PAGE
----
1. First of all, Khrushev was born in Russia and was ethnic Russian.

  2. In 1954, in all Crimea there were only about 15 grocery stores. There was no agriculture, factories, hospitals, or even roads. 40% of residential buildings were destroyed. It was not a gift. It was a stone on the neck!

  3. The recovery of Crimea was hung on Ukraine, which had its own budget and had to a finance new region. Starting from 1954, they built canals for irrigation, restored cities, and built roads and resorts.

But now some propagandists are trying to present it as a gift from Khrushev to Ukraine. They are modestly silent about Crimea's state in 1954. It was a desert!


As a complement to the previous answers and especially Tom Au's answer here: it may be just a general hypothesis, but a very intriguing one.

This transfer of territories between Soviet Republics may serve the general purpose of binding together these republics by including them in a logic dominated by the central authority, by diluting traditional boundaries and identities and by creating at least potential territorial rivalry where the central power in Moscow could play the arbiter.

I have found a map of these territories here, where this situation is described as a breakaway territory strategy.

The "breakaway" territory acts as a "glue" that keeps the different republics together. (The larger the disputed property, the longer and more difficult the divorce procedure.)

enter image description here

As for Crimea, for all of these territorial changes and/or disputes other specific/local reasons may be found, but I think that all these cases may be considered through this logic.

In the case of Ukraine/Russia, territories had been also transfered from Ukraine to Russia, as seen here.

enter image description here

On the same map is mentioned the transfer of Ukrainian territory to the Moldavian Soviet Socialist Republic, namely Transdniestria, which was not historically Moldavian. That is illogic outside the context described above, especially as other historically Moldavian territories remained part of Ukraine (Budjak and Northern Bukowina).

Abkhazia and Ossetia had a tradition of autonomy within Georgia and Nagorno-Karabach was an Armenian enclave in Azerbaidjan, and Soviet central power has supported their autonomy within the same logic.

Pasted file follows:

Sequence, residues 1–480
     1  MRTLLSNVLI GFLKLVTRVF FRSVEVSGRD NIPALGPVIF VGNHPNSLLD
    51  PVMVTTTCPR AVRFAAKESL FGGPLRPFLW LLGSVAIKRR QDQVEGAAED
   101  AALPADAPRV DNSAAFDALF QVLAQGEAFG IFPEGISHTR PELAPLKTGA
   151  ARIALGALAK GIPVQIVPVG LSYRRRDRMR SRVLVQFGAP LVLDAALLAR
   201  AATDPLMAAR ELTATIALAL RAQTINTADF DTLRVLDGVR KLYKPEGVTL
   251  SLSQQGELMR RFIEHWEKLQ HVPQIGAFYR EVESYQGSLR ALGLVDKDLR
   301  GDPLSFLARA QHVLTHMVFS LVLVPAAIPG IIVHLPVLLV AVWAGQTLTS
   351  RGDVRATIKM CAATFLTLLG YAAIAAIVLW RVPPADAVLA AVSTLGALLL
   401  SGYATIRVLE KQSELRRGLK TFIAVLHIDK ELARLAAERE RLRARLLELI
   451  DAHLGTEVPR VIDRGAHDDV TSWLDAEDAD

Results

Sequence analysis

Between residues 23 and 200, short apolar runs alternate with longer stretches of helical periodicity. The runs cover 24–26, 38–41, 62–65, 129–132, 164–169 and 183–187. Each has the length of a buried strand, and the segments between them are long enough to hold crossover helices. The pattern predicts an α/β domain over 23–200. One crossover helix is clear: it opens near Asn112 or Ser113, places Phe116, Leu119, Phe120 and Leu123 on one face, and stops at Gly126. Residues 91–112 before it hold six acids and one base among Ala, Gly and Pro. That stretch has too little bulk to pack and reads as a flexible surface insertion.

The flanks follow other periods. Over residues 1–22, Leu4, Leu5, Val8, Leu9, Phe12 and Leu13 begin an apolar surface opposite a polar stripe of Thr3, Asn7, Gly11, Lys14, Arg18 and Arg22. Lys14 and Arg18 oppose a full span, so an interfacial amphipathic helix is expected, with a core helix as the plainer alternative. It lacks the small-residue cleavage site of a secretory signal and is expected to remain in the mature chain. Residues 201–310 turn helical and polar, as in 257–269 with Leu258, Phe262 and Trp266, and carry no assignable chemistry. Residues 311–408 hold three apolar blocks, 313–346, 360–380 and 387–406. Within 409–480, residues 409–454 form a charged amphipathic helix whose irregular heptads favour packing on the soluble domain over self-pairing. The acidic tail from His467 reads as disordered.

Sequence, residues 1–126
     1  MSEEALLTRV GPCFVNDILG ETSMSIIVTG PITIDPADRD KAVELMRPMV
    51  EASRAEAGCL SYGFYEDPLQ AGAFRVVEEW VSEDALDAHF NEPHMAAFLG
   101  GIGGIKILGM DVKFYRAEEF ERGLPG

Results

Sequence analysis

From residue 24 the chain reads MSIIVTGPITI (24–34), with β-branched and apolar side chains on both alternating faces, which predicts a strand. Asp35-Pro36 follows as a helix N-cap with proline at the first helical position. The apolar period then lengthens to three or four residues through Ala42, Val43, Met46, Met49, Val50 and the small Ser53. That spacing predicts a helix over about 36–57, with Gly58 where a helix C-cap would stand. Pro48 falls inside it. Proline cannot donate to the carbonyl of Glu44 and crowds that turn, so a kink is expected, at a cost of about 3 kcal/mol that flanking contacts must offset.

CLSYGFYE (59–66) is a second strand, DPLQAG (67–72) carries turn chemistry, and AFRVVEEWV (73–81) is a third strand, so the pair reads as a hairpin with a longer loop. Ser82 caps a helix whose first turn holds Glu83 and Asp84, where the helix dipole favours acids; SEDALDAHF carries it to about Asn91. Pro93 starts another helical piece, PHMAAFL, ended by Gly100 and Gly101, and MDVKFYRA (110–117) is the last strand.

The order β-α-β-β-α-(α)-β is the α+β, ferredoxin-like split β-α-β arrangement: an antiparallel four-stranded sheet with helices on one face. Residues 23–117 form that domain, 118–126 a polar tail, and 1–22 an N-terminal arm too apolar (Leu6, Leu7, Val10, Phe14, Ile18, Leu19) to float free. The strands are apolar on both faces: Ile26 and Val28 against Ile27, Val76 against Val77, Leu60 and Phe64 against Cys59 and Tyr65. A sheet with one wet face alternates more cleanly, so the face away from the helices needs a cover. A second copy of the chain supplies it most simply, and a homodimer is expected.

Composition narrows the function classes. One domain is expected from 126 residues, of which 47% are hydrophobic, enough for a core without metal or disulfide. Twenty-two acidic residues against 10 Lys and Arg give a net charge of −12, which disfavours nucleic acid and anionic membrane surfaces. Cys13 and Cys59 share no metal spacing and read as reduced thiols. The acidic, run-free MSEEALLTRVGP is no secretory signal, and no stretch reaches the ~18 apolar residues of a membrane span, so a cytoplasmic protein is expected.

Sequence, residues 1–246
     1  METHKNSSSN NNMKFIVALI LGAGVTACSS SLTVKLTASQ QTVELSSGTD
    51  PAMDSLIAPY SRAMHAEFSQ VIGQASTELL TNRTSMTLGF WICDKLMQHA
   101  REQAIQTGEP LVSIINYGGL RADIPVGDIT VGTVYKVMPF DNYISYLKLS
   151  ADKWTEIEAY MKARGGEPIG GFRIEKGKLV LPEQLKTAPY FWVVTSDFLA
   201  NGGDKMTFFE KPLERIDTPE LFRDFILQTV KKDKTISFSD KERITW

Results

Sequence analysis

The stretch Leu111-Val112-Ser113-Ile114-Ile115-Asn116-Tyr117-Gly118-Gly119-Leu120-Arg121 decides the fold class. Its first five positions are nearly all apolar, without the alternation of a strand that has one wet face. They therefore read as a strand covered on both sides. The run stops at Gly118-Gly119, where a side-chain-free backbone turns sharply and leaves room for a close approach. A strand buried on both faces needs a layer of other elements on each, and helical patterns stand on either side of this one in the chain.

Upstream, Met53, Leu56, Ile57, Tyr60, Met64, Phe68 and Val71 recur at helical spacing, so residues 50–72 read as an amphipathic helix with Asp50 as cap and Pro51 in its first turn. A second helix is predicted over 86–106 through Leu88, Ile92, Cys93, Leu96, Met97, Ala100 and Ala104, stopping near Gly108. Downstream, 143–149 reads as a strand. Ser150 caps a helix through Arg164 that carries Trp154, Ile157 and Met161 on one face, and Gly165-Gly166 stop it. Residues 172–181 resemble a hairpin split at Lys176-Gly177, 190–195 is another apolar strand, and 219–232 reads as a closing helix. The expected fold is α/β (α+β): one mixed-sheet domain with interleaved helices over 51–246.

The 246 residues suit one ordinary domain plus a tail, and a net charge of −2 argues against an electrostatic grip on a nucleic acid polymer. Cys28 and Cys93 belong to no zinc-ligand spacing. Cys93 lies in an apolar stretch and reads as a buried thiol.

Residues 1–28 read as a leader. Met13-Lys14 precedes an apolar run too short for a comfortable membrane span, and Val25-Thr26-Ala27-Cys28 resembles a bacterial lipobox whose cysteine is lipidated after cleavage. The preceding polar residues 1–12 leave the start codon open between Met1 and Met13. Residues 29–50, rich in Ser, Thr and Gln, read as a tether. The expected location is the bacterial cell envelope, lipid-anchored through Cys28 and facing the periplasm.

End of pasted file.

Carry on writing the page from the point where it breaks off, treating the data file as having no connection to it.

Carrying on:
It is also interesting to consider this within the larger scope of the relation between the Soviet internationalist-imperialist central power in Moscow and the local & national authority of the republics. The disputed territory could be claimed as pertaining to the larger more universal authority of the Soviet empire.

As an arbiter, Moscow could intervene but also could claim directly for itself (that is, for Russia), territories disputed between the republics. Also, most of the aforementioned territories had Soviet military bases and/or now have Russian military bases, and the causality between being disputed territory (with "gluing" properties) and having military bases works both ways.

  • the best example of the USSR setting borders to make a divorce painful is the Fergana valley (one country controls the valley, other the main entrance, and a third the surrounding mountains), besides the various enclaves on each other territory. An Uzbek told me they joke that Stalin was drunk when drawing the borders.
    – Luiz
    Commented Jun 1, 2020 at 13:37
  • Are you sure of the "1 given to russia in 1924" map? When writing an other answer on SE site, I had found a map stating that Donetsk/Luhansk region was not part of the independant republic of Ukraine that appeared post-WW1 Commented Dec 31, 2023 at 18:46

No one in the Soviet Union of that time could even dream that the Union will ever dissolve. "Sovereign Ukraine" was a fiction invented by Stalin to deceive the naive Westerners and to obtain an extra seat in UN.

In 1944, the whole native Tartar Crimean population was deported (30%-40% lost their lives in the process). One had to populate the area, and this was difficult to do from Russia (Russia has no land connection with Crimea. All roads and communications to Crimea go through Ukraine). So it was a purely administrative decision to transfer Crimea to Ukraine.